Not sure what's incomplete about the explain. 0100011101100001011011010110010101011010011011110110111001100101 (talk page) 22:56, 11 February 2014 (UTC)

Yo calculus is the latin word for pebble! I learned this and had to come straight to this page! ahhh connections! Sawyer Biddle

As it turns out, Rule 110 seems to be a really bad way to simulate a universe- you would be much better off using a Cyclic tag system, since Rule 110 takes dozens of generations and potentially hundreds of cells to simulate one step in such a system, or a more sophisticated cellular automaton, such as Wireworld. --Someone Else 37 (talk) 05:12, 9 March 2014 (UTC)

To whoever objected to panel number references, does what I did with first words fix that? (talk) (please sign your comments with ~~~~)

Well, that's a pretty unfair comparison in the last panel, the protag is immortal after all, if I'm immortal I might do the same thing, but hey we got a much shorter life to live (talk) (please sign your comments with ~~~~)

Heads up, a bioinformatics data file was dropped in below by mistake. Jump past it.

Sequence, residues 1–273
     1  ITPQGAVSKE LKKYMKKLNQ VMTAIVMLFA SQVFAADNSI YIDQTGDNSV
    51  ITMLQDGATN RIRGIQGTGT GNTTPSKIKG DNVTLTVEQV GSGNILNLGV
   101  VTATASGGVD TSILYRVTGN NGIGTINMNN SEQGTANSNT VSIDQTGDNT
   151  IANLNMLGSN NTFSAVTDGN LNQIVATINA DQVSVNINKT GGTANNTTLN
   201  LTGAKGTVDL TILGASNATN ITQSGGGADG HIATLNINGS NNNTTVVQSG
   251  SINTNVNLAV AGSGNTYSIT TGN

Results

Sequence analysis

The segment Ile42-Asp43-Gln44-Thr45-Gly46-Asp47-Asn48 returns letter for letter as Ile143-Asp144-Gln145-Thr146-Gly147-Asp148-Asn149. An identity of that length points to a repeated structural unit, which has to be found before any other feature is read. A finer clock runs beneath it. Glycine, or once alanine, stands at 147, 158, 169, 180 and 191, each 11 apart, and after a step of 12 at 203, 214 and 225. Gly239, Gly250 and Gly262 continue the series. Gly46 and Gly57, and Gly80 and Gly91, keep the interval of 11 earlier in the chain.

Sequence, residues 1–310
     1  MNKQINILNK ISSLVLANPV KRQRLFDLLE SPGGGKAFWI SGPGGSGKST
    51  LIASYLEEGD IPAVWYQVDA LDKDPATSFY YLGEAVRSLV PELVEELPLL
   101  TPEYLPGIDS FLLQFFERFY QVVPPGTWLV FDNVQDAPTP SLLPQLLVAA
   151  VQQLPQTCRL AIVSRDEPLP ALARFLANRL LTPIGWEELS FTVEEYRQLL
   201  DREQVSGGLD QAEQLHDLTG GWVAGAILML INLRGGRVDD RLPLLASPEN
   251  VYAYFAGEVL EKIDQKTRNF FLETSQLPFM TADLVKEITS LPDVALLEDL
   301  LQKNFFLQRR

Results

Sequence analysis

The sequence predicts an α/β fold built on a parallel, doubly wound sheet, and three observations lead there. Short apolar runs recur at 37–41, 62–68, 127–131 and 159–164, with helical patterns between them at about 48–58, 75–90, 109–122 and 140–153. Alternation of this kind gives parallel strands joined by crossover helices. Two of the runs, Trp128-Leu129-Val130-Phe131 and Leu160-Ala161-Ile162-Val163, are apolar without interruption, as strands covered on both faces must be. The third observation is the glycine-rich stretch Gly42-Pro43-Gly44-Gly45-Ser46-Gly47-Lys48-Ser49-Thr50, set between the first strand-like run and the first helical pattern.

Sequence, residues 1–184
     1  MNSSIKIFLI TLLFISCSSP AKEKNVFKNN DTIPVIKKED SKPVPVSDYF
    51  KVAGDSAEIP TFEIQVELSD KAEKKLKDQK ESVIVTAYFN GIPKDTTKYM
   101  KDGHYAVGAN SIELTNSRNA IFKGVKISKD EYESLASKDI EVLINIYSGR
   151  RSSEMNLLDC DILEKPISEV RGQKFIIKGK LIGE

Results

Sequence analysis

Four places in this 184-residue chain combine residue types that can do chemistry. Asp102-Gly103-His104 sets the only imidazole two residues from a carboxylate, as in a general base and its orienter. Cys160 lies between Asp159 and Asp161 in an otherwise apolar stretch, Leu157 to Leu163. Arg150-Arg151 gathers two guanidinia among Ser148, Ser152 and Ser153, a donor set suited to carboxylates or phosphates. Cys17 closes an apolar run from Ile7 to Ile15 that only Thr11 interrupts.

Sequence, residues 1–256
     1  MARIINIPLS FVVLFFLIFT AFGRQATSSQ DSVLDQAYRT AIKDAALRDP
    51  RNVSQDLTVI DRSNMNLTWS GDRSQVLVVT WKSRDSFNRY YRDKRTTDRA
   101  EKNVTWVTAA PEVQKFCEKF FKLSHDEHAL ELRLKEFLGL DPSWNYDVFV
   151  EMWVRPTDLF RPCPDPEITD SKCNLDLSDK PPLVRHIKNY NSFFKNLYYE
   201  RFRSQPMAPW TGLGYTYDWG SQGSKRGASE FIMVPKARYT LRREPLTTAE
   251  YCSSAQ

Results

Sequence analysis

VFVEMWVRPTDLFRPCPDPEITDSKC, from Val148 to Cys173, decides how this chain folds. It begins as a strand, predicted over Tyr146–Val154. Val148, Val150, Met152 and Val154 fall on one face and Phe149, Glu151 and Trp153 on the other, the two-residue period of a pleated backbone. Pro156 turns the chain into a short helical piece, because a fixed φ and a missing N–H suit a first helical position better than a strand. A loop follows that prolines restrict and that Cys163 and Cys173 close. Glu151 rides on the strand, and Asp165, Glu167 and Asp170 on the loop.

The diagram to the right of the Epitaph of Stevinus looks like a system of coupled pendula, often used in math physics courses to illustrate Lagrangian mechanics. Also may relate to elasticity theory. See for example here: http://demonstrations.wolfram.com/ThreePendulumsConnectedByTwoSprings. 03:23, 12 November 2014 (UTC)

If this is true (which seems like the most probable solution so far) then what do the symbols inside the boxes represent? (talk) (please sign your comments with ~~~~)
Spring constants, masses, lengths, etc 18:11, 12 November 2014 (UTC)

The bigger picture that's missing on this explains it that this comic seems to suggest that Cueball is God, as in being stuck in Eternity who happened to build a simulated universe, which we all live in. Seeing how he addresses the reader "So if you see a mote of dust vanish from your vision in a little flash or something I'm sorry. I must have misplaced a rock sometime in the last few billions and billions of millennia." {{ 10:25, 12 November 2014 (UTC)}}

I understand that English might not be your first language, but please clarify. The explanation covers Cueball being godlike. How can we add something that is already covered? Do you require further detail? Are you disagreeing with this assessment? Are you considering this observation irrelevant as your summary for your first comment "added not about Cueball being God" seems to imply? If so why? 17:57, 12 November 2014 (UTC)